YOUR HEALTH: Questioning stent safety

ORANGE, California – 63-year old Charles Tasso was at his dialysis center when his heart went into A-fib.

"I mean, I thought it was an elephant sitting on my chest. That's the first time I had experienced any pain."

Dr. Michael Chan used the absorb stent for Charles, who already has traditional metal stents.   It's made of polylactide, which is similar to what's in dissolvable stitches.   The stent dissolves in three years, so the artery is flexible again.

"It allows us to theoretically have less inflammation," explained Dr. Michael Chan, interventional cardiologist with St. Joseph Hospital in Orange, California.

"Because of that, it also reduces the risk of clot formation that can form late on stents because of that metal exposure."

But an FDA review showed an 11% rate of cardiac problems like heart attack and a 1.9% rate of blood clots after two years with the absorb stent.
This compares with 7.9% and 0.8% with a metal stent.

Abbott Labs and Dr. Chan say the right implantation technique and the right patients minimize risk.

"I think that if it's not used in the proper setting, then the risks are higher," said Dr. Chan.   "We've seen that in smaller vessels that the heart attack risk as you mentioned, and risks of clotting are higher."

19% of people in the study had arteries that are too small for the device under usage guidelines. Removing their results equalizes findings.

"As technology evolves, there are many in our field that feel like this will be the next generation," said Dr. Chan.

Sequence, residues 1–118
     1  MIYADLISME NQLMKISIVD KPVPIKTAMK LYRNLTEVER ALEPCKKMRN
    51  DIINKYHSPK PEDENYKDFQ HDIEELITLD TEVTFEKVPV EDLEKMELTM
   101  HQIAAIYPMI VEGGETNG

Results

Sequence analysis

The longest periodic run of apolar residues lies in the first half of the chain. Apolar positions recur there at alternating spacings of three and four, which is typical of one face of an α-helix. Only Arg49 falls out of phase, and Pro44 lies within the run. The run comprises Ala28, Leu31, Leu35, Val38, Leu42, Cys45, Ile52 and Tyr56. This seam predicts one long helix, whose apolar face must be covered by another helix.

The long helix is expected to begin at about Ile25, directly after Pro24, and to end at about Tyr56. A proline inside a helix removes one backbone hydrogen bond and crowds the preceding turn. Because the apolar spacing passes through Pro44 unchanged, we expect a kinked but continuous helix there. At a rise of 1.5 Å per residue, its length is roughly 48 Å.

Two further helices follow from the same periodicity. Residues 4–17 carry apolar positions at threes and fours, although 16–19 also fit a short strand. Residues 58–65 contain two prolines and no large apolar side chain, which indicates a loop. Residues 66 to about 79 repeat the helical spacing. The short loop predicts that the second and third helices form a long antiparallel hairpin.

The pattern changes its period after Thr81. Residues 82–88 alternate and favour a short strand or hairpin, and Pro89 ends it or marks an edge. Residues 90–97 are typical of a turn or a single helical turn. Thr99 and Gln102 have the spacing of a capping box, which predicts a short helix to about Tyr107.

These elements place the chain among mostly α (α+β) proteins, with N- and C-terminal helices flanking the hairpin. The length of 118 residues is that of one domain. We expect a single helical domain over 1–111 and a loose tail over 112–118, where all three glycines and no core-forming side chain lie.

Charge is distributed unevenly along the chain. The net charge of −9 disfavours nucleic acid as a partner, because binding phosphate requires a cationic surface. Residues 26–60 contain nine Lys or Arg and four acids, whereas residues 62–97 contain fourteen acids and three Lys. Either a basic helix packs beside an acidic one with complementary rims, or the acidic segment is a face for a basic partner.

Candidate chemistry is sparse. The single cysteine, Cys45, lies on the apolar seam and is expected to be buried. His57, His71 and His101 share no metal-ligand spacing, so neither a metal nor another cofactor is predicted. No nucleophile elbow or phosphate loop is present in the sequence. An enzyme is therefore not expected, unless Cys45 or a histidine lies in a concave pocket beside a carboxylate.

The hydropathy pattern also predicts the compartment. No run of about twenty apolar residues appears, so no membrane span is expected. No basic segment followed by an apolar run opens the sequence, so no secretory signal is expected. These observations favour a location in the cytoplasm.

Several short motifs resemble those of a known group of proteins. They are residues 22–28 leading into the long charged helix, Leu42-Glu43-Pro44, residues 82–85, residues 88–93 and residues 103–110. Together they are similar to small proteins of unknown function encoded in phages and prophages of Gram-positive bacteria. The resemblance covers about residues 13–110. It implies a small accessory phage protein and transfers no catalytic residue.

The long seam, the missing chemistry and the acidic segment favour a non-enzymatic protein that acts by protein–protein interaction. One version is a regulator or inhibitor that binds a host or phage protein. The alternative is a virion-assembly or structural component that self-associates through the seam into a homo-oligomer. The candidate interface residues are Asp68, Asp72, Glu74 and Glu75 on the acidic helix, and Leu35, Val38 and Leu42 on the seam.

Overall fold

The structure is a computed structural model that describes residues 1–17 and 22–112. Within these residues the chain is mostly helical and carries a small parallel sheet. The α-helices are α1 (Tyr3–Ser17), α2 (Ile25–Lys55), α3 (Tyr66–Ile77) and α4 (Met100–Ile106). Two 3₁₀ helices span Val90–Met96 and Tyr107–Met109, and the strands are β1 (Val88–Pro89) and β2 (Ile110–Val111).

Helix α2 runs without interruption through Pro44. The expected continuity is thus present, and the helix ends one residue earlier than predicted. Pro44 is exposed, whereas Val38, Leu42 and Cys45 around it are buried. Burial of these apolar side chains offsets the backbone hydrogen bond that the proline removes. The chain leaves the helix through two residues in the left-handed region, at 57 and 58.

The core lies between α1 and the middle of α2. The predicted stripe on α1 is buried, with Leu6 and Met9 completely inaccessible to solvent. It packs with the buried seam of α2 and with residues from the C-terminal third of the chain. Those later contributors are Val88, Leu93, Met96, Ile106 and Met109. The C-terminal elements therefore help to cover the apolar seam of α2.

Dr. Chan will keep using the absorb stent on patients who fit the stricter criteria, while the FDA does more study.

The latest technology in scaffold technology is the DESolve Scaffold System, a biodegradable stent that degrades in about one year, leaving behind a thin neointimal lining and a well-maintained lumen.

SYMPTOMS/TREATMENT: Symptoms of heart disease are chest pains and shortness of breath. Arterial plaque occurs as a result of easily correctable problems such as unhealthy diet, lack of exercise, being overweight, and smoking. However, there are instances where an individual might require surgery to prevent plaque accumulation. These procedures may include a stent replacement, bypass surgery, and balloon angioplasty. A stent replacement is when a small tube is placed in the artery to maintain the blood flow. Bypass surgery is when arteries from other parts of the body are moved to help oxygen-rich blood flow. Balloon angioplasty is when a device is used to push the plaque against the side walls of the arteries. Moreover, medications can help control some of the factors that lead to clogged arteries such as drugs specifically designed to lower cholesterol and high blood pressure.  (Source: http://www.webmd.com/heart-disease/clogged-arteries-arterial-plaque#1)

If this story has impacted your life or prompted you or someone you know to seek or change treatments, please let us know by contacting Jim Mertens at jim.mertens@wqad.com or Marjorie Bekaert Thomas at mthomas@ivanhoe.com.